Lendlease eyes life sciences hub in London project – The Australian Financial Review

Lendlease will devote space in its $10.7 billion above-station redevelopment of London’s Euston station to life sciences real estate in the latest move by the developer to tap the fast-growing alternative asset class given a kick along by the pandemic.
ASX-listed Lendlease is developing 335,000 square metres of office space – along with 65,000sq m of retail – in the project at Britain’s sixth-busiest railway station and will include the growing sector that encompasses laboratories, medical science facilities and offices, and manufacturing spaces, the company said.
Lendlease’s planned Euston Station redevelopment project will develop 400,000sq m of commercial space and 2000 apartments on the site of London’s sixth-busiest railway station.  
“We’re developing 6-million square feet (557,400sq m) at Euston, some of which will be homes, the rest of which will be a mix of uses, some of which will be life sciences,” UK trade press last week reported Lendlease’s development director for Euston Jenny Sawyer as saying.
“We think it’s an opportunity to have science next to arts next to culture next to education next to conventional offices.”
A Lendlease spokesman declined to say how much space at the precinct – near the Francis Crick Institute and London BioScience Innovation Centre – would be devoted to life sciences, pointing to a public consultation process that kicked off last month.
But Lendlease has high hopes for the sector that real estate agency Colliers expects will boost its Australian revenue to $10.3 billion from $8 billion in the decade to financial year 2026-27.
Last month it paired with Dutch pension fund manager PGGM to seed what it hopes will become a $1 billion fund investing in life sciences real estate in Singapore, Japan and Australia.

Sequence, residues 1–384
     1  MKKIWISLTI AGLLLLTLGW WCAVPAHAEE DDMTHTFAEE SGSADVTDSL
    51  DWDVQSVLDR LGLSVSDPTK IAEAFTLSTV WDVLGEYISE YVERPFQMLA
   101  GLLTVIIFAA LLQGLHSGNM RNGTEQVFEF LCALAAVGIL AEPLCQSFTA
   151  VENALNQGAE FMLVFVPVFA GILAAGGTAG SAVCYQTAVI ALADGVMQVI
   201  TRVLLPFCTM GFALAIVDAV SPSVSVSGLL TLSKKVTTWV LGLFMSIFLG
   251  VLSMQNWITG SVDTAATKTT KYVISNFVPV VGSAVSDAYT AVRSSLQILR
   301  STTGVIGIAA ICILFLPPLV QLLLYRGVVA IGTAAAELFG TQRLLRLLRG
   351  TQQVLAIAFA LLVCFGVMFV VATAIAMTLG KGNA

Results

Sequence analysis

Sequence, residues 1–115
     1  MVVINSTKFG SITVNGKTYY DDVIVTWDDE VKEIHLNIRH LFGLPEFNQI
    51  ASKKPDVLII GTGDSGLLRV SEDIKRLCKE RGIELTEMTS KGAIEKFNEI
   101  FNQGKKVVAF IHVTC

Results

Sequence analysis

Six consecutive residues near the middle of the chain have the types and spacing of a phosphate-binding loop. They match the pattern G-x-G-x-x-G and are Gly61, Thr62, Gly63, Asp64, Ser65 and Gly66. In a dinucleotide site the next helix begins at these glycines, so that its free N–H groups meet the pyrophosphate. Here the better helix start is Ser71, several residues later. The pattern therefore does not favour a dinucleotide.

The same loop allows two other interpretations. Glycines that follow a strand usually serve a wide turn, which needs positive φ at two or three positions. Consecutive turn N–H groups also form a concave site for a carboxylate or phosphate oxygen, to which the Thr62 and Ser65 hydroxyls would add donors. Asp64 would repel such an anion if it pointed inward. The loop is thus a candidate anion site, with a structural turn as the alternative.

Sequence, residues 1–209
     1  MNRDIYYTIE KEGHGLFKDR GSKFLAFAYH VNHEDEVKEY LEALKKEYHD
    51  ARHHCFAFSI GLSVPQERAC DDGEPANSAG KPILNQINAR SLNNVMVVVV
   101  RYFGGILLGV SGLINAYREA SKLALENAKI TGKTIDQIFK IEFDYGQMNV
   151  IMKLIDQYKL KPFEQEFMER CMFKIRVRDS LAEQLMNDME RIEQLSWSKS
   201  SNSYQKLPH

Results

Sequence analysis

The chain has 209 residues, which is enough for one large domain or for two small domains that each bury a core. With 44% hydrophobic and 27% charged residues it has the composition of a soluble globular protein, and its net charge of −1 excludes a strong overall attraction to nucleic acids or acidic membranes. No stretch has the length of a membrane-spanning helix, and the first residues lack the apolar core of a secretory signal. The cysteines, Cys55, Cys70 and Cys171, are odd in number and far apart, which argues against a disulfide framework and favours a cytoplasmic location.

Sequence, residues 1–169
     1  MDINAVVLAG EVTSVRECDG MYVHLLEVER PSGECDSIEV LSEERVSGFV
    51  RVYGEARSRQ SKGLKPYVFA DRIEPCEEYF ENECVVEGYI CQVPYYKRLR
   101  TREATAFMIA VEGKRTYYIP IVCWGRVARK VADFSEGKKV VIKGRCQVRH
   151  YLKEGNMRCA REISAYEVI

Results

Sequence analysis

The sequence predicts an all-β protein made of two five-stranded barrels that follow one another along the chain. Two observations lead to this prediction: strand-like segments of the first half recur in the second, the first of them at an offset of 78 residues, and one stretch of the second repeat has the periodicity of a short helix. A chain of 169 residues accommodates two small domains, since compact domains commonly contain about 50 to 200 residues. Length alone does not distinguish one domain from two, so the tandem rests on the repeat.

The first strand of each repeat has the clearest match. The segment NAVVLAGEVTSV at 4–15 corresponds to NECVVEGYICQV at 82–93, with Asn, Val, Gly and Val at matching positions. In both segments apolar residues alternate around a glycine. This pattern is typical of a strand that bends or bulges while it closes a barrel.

Others have high hopes too. In May, investment manager Nuveen was tapping Australian investors to put capital into life sciences and medical offices, describing a lab inventory it said would increase to 22 million square metres by 2042 from 13.4 million square metres, based on a 4 per cent annual growth in lab jobs.
Government support for biosciences and medical research, along with an ageing population of Australians willing to spend more on their bodies, health and wellbeing made the sector an attractive alternative asset class for longer-term investors such as super funds, Colliers 2022 Life Sciences Report says.
Demand was increasing for suitable space in locations that would support companies operating in the sector, said Joanne Henderson, Colliers’ national director of research.
“Due to the specialised requirements needed for both the location – such as being close to hospitals, health institutes and universities – and the type of building required for a life sciences operator including laboratories, R&D space and specialised storage requirements, new purpose-built developments will in many cases be the only option,” Ms Henderson said.
The sector also presented opportunities both for owners of development sites close to existing and planned health hubs around hospitals and universities, as well as for investors with longer time frames, given the long lease terms that many life science companies preferred to take out, she said.
“Life science real estate offers a lower risk asset offering a long-term cash flow with reduced levels of rental downtime,” Ms Henderson said.
Follow the topics, people and companies that matter to you.
Fetching latest articles
The Daily Habit of Successful People


Leave a Reply

Your email address will not be published. Required fields are marked *